Yes, I'm still chanting, even though I haven't pontificated about it for awhile. In two weeks I'll read three aliyot from Parashat Vaera, all about plagues 3-5 and the repeated hardening of Pharaoh's heart. I seem to have surpassed a longstanding plateau and can now learn much faster than before: 20 verses in two weeks, although I could have spread it out over four. It's as if the Hebrew-memorizing part of my brain finally filled to critical mass, and is now starting to spill over into the singing and understanding parts. It feels good. I also plan to experiment in the third of those aliyot, just for the fun of it, with a slight variation in trop (for the munah-katon) to the current style of my Torah chanting teacher. She's employed many different melodies over the years, and keeps reminding me that trop shouldn't be static--change is good. I think I like the original way better, but will only be able to tell once I hear myself. (Assuming I'm calm enough to remember to listen.)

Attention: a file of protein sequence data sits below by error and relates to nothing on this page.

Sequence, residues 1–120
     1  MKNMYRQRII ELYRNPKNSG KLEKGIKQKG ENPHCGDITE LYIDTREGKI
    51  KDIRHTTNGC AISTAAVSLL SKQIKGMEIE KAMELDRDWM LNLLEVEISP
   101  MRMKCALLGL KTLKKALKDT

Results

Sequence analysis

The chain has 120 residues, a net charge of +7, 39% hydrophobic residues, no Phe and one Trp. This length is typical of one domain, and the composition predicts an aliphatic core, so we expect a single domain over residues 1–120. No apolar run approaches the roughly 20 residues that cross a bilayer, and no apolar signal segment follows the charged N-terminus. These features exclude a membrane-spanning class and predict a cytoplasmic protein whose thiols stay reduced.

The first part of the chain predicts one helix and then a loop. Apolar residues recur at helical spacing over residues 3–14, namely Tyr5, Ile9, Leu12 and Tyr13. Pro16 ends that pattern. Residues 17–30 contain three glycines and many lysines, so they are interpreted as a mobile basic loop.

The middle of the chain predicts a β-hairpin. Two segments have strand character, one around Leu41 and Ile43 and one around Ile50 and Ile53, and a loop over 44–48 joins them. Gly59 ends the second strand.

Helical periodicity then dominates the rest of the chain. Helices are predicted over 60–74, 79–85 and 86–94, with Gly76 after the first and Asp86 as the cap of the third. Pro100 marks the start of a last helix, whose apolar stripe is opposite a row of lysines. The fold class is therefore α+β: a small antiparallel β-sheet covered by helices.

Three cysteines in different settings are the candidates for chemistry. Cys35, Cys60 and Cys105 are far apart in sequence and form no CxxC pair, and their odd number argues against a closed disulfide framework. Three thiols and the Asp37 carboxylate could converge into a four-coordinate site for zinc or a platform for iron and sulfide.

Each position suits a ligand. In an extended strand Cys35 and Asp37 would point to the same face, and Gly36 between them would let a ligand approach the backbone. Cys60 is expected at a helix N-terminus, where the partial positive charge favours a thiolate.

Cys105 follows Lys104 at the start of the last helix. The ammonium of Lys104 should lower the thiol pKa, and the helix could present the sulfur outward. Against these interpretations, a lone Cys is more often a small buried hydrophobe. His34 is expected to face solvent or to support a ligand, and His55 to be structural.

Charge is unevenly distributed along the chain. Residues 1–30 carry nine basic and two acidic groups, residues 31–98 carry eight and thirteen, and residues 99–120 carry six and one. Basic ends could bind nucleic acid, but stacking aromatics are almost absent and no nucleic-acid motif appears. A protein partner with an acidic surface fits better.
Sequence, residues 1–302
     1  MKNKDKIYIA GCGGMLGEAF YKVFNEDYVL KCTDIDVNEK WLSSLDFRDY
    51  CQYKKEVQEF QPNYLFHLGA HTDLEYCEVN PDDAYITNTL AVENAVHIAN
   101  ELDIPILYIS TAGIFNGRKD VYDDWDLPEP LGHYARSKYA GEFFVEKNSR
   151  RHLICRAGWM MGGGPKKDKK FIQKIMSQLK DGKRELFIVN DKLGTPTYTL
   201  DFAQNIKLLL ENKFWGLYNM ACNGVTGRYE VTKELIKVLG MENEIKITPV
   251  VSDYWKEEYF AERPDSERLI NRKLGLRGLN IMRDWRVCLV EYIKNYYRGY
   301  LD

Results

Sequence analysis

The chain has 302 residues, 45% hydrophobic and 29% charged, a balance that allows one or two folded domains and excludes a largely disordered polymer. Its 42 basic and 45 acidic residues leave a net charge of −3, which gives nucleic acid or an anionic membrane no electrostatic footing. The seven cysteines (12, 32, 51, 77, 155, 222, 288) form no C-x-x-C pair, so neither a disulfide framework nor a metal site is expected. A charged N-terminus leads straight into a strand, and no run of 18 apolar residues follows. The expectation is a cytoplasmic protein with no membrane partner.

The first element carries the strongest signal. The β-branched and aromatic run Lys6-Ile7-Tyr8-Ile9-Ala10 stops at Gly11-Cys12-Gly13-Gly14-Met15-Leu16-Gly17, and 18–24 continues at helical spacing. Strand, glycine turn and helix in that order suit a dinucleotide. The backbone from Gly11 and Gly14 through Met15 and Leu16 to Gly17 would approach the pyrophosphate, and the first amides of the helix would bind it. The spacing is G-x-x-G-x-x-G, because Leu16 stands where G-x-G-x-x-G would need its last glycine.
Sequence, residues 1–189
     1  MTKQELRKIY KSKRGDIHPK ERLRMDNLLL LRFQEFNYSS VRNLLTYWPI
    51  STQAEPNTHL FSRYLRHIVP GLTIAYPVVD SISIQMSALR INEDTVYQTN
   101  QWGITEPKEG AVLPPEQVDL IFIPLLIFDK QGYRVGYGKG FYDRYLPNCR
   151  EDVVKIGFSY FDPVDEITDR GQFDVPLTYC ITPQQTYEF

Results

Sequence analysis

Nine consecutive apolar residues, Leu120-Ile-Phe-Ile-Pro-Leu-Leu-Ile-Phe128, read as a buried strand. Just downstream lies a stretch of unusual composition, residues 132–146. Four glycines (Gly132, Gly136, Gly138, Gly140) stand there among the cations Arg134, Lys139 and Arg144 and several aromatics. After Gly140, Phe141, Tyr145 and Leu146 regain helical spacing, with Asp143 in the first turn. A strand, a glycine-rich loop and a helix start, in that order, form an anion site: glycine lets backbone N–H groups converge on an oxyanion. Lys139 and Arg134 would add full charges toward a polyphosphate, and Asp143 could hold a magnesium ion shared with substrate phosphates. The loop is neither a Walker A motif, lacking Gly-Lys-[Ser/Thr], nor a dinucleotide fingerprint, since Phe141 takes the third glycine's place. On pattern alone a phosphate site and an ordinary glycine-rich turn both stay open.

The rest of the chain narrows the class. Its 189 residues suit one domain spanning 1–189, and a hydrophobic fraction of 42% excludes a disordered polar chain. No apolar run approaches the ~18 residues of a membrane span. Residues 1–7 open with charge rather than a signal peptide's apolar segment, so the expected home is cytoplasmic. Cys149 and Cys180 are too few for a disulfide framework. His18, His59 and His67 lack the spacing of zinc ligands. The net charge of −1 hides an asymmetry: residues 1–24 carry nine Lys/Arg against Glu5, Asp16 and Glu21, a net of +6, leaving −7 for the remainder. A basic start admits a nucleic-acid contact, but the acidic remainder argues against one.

I'll also chant at morning minyan the week before, on the same day as my most recent student. I'd love more just like her; I've taught three people so far, all adults who were told as kids that they couldn't sing and who are now very proud to have exceeded their own expectations. Our dual presence wasn't planned in advance, and I kind of wish I weren't reading; I don't want to steal her spotlight. But it'll be great to cheer her on, join everyone in the Sheheheyanu, and vicariously re-live my first tentative steps up to the bimah five years ago. And see in her eyes the excitement of remembering that possibilities are endless, and boundaries non-existent, once you believe in yourself.